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DEAL OR NO DEAL; TAX HIKES COMING IN THE NEW YEAR
CHARLES PAYNE: Let the floodgates open. To Nancy Pelosi's point, we're going to find out, and I hope we like it. A lot of taxes are associated with ObamaCare. A lot of these companies are laying off workers right now. This impacts everyone. It takes away from research and development which will take away from life saving innovation. It's the very tip of the iceberg. Ultimately, there's going to be a whole lot of taxes that this opens the gate for, but this is just the beginning.
BEN STEIN: There are damages built into it and on the other hand there is some good built into it. There are people who are very poor who would not otherwise be able to get health insurance. Overall, I don't like the bill and I don't think any sensible person would like the ObamaCare bill. Tax increases are going to be a fact of life. With tax cuts under Mr. Bush, there's going to be tax increases under Mr. Obama. Surplus as far as the eye can see under Mr. Clinton and tax increases as far as the eye can see under Mr. Obama.
SARAH FLOWERS: I think we need to look at where the spending goes, and it goes to preventative care. Last year we saw eighty-seven million people who weren't previously able to access preventative care and who can now access that care. That's a net savings for the health care system which is passed onto all of us.
TODD SCHOENBERGER: People haven't seen this taken out of their paychecks yet. This is what Fox News viewers want to know. What is going to impact them on day one? You're talking about all of this with the medical bill - that's real money that's going to be taken out of your paycheck. Your net amount is going to be less and it has nothing to do with what is taking place with the fiscal cliff negotiations. It's all a set in law and we all have to expect to have less money at the start of the year.
NEW ILLINOIS LAW BANS EMPLOYERS FROM REQUESTING FACEBOOK PASSWORDS
TODD SCHOENBERGER: You have to look out for the company. Every employee out there is an ambassador of that organization, in and out of the office. I want to know, as an employer, what are my employees up to? Are they into some type of club or illegal activity? If you're going to post something out there, I want to know what it is and I want to know how it's going to affect my company.
BEN STEIN: I would like people to not have to disclose their passwords to their employers. I think employers know entirely too much about their employees anyway. Privacy is an extremely high value in the Constitution and we should keep it that way.
CHARLES PAYNE: CEOs have to sign the bottom line that they know everything going on within the company. If you sign off on this, you're going to be culpable for some really big time penalties. There's a flipside to this. We can't keep pressing corporate America and CEO's to know every single aspect of their business if they don't have access to it.
SARAH FLOWERS: I come down on the side of privacy on this one. My bigger problem is that it's really bad management. You're basically saying to your employees, "I don't believe you have good judgment. I don't believe you're capable of doing the task I hired you for or wanted to hire you for." It's not good psychology in the workplace.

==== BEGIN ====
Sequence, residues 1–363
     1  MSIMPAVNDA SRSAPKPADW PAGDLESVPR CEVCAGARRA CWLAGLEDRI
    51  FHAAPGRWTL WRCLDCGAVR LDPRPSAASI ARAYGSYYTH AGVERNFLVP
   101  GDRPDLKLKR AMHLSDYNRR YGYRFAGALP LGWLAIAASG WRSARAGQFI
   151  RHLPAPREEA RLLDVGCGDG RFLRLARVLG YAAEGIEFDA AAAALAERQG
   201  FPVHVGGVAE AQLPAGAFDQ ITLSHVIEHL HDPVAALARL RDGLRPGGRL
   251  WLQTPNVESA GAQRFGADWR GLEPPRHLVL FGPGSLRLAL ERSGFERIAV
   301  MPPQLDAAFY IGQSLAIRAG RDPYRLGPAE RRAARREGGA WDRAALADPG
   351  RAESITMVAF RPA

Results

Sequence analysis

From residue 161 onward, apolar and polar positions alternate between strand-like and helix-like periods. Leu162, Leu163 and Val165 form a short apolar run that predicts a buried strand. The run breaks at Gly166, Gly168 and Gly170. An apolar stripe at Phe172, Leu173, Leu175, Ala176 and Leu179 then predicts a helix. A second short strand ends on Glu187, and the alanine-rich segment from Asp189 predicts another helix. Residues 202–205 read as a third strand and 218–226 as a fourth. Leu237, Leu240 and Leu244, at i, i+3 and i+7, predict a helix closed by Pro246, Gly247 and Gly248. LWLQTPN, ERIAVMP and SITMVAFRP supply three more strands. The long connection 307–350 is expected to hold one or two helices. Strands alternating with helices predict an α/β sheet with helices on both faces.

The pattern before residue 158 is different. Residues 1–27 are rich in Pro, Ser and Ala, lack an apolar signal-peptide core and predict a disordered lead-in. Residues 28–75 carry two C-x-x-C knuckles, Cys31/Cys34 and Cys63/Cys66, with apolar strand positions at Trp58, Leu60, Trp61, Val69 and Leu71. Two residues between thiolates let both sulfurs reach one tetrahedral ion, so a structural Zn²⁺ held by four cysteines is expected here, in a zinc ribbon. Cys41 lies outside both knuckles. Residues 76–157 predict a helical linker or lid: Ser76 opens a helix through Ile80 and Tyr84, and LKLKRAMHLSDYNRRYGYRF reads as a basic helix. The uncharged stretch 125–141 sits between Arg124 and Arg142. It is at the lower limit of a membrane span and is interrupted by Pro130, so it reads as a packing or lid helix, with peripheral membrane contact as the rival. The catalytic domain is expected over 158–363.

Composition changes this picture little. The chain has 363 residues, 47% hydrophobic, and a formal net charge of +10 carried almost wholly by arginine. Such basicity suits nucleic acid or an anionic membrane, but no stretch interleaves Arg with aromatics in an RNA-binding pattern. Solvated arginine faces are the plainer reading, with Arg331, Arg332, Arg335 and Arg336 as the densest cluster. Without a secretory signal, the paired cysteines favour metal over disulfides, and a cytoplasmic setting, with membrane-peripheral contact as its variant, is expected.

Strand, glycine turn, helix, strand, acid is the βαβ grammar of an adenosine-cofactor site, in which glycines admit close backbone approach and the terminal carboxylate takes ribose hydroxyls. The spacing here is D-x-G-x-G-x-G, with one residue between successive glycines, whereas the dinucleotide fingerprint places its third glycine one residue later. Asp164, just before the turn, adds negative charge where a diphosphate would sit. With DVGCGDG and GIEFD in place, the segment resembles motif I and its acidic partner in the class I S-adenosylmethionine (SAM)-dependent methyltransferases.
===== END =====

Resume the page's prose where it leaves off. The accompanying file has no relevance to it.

REPORT: U.S GOVERNMENT MAY EXPAND ITS MORTGAGE BAILOUT PROGRAM
CHARLES PAYNE: I find it amazing that the same government that was ushered into office by pointing out Wall Street's reckless behavior is ready to dive head first into the same sort of reckless behavior. Not only are they talking about loans not backed by the federal government, but also homes that are deeply under water. I'd like to see the private industry in this more. I think it also points to a certain sort of desperation out there. We do celebrate housing, but the fact of the matter is that over ten million people are still under water. First time buyers aren't stepping up to the plate so, it might be a sign of desperation also.
BEN STEIN: It's showing signs of life, but it's probably less than what it was in 2007 and early 2008. It's much less stronger than a year ago, but it's still very flaccid when we talk about what it should be. I don't think there should be any reason why they shouldn't get into it. Their losses if they market recovers will be trivial. It's a very good thing to have more people employed in construction.
SARAH FLOWERS: I think at the end of the day we want to see more people living in homes. We want to see more mortgages being paid. These aren't your best mortgages to take on, but the risk is measured in multiple ways. We have seen in most of these cases a willingness and ability on the part of the lender to be able to pay their mortgage. Their house may be under water, but it's more important to have someone living in that home rather than having their home vacant because it devalues all the other houses. It's a little bit of a mixed bag and it's hopefully designed to get us back to a more robust market.
TODD SCHOENBERGER: We are so jaded right now. You talk about the recent data that looks positive. Only a fool would go out and buy a home right now. You're better off just burning the cash because you're never going to have any equity in the home a year from now. Second, you need the government involved.
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